Representatives from 175+ countries are meeting in Nairobi to address the worsening global plastic pollution crisis. Plastic, once considered a marvel, now poses a serious threat to the environment and human health. The conference marks the third round of talks aimed at crafting an International Plastics Treaty.
Plastic waste, reaching millions of tons, is causing harm to ecosystems, wildlife, and even human health. The United Nations launched a two-year effort in 2022 to create a global agreement to combat plastic pollution. The third negotiation session, starting in Nairobi, seeks to make progress toward this goal.
One of the critical issues under discussion is securing funding for the provisions outlined in the treaty, with estimates reaching trillions of dollars from 2025 to 2040. This financial challenge is compounded by equity concerns, as a recent World Wildlife Fund report reveals that middle- and low-income countries bear a disproportionately higher plastic cost despite their lower plastic consumption.
The negotiation process also grapples with questions about the formulation of national action plans by participating countries to reduce plastic pollution and the extent to which provisions of the agreement should be mandatory.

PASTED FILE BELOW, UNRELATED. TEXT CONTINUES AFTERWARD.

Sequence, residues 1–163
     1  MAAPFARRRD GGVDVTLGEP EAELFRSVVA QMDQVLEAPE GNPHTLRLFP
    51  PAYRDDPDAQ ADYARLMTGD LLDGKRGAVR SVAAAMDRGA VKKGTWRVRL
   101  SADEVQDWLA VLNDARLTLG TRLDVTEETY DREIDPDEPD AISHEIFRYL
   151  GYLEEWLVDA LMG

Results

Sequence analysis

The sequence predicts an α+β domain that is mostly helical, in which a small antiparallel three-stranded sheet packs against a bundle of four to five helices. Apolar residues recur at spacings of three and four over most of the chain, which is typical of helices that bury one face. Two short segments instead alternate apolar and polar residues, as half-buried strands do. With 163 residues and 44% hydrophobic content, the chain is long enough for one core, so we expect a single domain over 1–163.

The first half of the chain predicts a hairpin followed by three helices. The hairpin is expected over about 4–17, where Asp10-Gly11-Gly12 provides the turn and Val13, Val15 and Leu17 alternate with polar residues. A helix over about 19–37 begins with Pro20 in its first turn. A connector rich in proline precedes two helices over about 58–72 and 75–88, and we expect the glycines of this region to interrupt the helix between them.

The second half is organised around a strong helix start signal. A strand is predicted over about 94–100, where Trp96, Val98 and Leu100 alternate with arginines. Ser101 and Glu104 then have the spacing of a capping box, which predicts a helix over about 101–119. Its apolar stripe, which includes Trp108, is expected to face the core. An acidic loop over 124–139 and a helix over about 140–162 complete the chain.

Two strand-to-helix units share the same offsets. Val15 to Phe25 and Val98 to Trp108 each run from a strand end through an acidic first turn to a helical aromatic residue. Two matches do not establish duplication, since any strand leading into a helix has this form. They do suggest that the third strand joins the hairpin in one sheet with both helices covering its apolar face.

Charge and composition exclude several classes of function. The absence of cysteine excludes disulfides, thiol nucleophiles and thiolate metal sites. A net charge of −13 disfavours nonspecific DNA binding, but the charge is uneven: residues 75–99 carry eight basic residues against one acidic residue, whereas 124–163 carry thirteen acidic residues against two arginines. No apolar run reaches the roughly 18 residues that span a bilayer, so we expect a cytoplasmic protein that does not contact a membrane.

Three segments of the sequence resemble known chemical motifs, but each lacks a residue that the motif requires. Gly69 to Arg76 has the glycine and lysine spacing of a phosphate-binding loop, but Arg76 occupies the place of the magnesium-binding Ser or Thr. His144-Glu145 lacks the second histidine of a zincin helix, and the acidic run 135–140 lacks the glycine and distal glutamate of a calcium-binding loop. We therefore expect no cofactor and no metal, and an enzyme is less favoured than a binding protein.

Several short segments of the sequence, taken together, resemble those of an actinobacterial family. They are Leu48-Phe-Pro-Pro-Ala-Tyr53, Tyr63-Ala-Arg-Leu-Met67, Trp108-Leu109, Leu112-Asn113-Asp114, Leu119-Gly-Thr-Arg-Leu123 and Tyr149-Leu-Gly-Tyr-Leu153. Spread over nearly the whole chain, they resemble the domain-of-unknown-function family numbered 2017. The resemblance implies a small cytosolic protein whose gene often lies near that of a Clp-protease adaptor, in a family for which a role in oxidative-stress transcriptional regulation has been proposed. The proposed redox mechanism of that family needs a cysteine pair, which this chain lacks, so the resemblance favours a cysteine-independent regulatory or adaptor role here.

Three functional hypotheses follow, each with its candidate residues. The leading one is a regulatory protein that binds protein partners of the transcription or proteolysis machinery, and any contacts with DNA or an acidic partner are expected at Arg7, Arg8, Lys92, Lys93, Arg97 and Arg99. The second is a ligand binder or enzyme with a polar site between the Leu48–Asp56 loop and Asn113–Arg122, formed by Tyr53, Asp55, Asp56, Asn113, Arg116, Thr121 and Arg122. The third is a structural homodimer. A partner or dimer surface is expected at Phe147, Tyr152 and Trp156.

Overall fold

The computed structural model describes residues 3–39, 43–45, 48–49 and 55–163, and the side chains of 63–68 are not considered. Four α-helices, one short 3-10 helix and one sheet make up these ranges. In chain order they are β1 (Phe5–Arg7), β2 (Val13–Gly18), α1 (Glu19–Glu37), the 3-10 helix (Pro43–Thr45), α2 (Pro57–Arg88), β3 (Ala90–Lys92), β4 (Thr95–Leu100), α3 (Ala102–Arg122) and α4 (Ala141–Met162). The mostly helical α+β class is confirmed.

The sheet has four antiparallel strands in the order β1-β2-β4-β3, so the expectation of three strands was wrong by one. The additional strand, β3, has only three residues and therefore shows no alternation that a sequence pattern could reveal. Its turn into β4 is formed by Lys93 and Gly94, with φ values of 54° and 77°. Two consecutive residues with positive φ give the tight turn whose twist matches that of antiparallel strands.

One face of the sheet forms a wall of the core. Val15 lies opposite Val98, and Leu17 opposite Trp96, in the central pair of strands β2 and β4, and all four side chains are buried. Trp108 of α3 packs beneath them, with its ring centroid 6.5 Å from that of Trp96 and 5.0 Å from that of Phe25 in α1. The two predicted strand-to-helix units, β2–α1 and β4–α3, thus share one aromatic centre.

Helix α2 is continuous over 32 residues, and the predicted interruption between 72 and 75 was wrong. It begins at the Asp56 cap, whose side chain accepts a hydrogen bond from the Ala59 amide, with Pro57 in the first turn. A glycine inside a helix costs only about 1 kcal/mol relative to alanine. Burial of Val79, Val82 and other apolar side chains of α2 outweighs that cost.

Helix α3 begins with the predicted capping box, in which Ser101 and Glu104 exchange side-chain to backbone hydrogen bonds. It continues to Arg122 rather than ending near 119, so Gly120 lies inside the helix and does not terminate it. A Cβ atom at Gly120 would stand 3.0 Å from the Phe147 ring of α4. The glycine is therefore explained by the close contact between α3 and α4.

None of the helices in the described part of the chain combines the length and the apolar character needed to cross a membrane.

The stance of the United States, often criticized for its perceived alignment with a “low ambition coalition,” is being carefully navigated. The U.S. emphasizes the importance of “meaningful and feasible universal obligations” for participating countries and advocates for essential mechanisms such as national action plans.
A contentious topic on the negotiation table is the role of chemical recycling in managing plastic waste. While industry proponents argue that advanced recycling can divert plastic from landfills and reduce reliance on virgin fossil fuels, environmentalists view it as a form of incineration with potential environmental and health risks.
The State Department’s recent statement adopts a cautious approach, acknowledging the potential of chemical recycling if done in an environmentally sound manner. However, a coalition of 240 environmental groups urges President Joe Biden to cease all support for chemical recycling.
The urgency of the issue is reflected in the ambitious timeline set for the treaty, with the goal of achieving an international agreement on plastics by the end of 2024. As delegates convene in Nairobi, the outcomes of this critical meeting will determine how the world collectively addresses the pressing issue of plastic pollution, presenting a “once in a lifetime” opportunity, as stated by Nick Mallos, vice president for conservation at the Ocean Conservancy.